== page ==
TABLE of CONTENTS February 2006
BY Ellen Perlman
When it comes to health insurance for mental illness, states are still wary of full coverage.
As baby boomers retire, governments are trying to keep knowledge and experience from going out the door with them.
This is a busy gubernatorial year, with contests in more than two- thirds of the states. It may also be a year of significant change.
Does an unconventional coalition in Colorado offer a model for Democrats around the country?
New high-tech tools can make buses a lot more efficient than they used to be. Will that be enough to satisfy riders?
Muni bond borrowing costs may rise, as well as state and local credit ratings.
Ron Dellums, the angry Berkeley radical of the 1960s, is making a comeback. But he doesn't sound so angry anymore.
Residents of Los Angeles spend an average of 93 hours stuck in traffic per year, according to the Texas Transportation Institute--by far the highest degree of congestion in any American city. Frustrated drivers who turn to L.A.'s public transportation system--historically something of a joke--don't find the going much smoother, as the feature on p. 44 of this magazine shows.
States are the main forum for debate on reproductive issues, and the trend is for greater restriction.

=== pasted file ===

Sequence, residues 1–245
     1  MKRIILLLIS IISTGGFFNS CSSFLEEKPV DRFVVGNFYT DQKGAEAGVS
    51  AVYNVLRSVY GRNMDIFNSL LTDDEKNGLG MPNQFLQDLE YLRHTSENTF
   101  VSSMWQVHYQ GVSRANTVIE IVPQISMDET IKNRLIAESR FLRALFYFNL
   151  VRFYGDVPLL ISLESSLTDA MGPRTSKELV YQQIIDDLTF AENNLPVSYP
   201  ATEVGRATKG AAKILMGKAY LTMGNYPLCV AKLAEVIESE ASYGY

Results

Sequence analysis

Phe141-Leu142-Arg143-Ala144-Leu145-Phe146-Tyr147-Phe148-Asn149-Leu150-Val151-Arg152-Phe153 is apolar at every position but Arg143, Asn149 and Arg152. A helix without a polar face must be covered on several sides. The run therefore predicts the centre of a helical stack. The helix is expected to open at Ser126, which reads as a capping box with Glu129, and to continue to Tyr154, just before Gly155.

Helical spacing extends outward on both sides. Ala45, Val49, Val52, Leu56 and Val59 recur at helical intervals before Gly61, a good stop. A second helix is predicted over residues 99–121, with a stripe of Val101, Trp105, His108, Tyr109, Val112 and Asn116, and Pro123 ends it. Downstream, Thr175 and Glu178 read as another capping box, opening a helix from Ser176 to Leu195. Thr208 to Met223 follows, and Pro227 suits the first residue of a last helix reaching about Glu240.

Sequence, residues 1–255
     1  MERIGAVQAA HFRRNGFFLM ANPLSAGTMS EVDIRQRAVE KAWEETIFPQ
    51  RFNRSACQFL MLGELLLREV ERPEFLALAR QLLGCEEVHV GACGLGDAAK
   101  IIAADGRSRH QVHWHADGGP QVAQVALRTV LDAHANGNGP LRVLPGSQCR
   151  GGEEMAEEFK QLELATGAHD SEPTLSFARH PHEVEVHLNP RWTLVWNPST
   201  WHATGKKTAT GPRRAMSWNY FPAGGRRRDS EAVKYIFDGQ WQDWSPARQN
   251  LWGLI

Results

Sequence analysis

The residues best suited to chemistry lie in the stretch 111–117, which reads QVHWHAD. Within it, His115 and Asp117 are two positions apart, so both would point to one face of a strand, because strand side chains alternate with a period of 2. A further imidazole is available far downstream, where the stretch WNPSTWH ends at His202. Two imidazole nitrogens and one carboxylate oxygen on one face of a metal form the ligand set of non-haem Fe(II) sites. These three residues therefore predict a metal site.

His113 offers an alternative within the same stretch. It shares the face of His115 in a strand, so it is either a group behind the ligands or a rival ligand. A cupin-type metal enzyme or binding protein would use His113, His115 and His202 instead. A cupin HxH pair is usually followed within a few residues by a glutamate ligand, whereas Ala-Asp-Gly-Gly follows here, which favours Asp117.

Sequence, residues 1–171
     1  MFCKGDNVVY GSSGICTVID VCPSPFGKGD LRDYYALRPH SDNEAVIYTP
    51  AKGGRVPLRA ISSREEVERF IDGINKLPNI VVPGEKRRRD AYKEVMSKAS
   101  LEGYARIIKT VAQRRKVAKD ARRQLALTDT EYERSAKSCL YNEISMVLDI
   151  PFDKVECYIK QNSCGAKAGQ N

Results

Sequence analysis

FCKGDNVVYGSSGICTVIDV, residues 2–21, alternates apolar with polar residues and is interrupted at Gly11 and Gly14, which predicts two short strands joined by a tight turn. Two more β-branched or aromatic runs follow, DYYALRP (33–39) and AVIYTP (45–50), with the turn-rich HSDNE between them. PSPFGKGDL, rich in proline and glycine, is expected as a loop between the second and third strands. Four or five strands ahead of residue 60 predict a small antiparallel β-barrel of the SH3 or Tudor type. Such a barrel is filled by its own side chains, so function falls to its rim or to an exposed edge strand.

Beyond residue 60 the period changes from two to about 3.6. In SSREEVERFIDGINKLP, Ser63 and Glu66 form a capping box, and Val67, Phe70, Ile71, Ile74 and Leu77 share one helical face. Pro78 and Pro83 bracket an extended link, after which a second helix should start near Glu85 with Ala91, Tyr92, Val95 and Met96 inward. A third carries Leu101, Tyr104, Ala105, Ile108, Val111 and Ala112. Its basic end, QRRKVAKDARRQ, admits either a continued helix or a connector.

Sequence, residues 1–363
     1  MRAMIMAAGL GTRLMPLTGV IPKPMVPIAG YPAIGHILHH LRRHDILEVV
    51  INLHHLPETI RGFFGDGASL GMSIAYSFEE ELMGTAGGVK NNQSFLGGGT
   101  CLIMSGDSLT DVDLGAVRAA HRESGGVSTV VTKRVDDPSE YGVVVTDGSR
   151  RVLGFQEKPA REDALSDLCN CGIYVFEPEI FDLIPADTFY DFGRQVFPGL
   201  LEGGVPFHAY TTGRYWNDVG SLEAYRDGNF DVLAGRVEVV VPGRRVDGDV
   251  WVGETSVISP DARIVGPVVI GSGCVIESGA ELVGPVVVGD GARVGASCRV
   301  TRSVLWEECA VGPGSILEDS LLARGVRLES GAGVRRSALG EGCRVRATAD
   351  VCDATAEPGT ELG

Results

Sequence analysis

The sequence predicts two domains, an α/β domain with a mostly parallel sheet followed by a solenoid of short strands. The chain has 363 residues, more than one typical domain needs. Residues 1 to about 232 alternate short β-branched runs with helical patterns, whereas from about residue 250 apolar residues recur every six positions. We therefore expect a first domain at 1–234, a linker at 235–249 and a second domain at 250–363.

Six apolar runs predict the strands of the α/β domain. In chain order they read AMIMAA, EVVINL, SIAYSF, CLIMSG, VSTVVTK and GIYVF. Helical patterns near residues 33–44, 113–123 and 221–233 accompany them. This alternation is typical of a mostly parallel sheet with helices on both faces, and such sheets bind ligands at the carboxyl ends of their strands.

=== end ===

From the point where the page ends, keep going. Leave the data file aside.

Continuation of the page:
The Business of Government
Should the building of vital infrastructure be left to big business or big government?
New Jersey has put its chemical processing plants--all 140 of them--on notice. Under a state order signed last fall, those facilities will have to outline their security weaknesses and report them to state officials. That makes the state, which is among a handful of states with the most potentially dangerous chemical sites, the first to change from a voluntary to mandatory reporting system.
Hoping to shore up its ailing hospital industry, New York is shrinking the number of health care facilities in the state. It is doing so by using a process similar to the way the Pentagon closes military bases.
Inconsistencies in how patients' bodies are marked for surgery can have serious consequences.
An innovative program in Flint, Michigan--the Genesee County Land Bank--is helping to salvage vacant and abandoned properties and transfer them to new owners for redevelopment.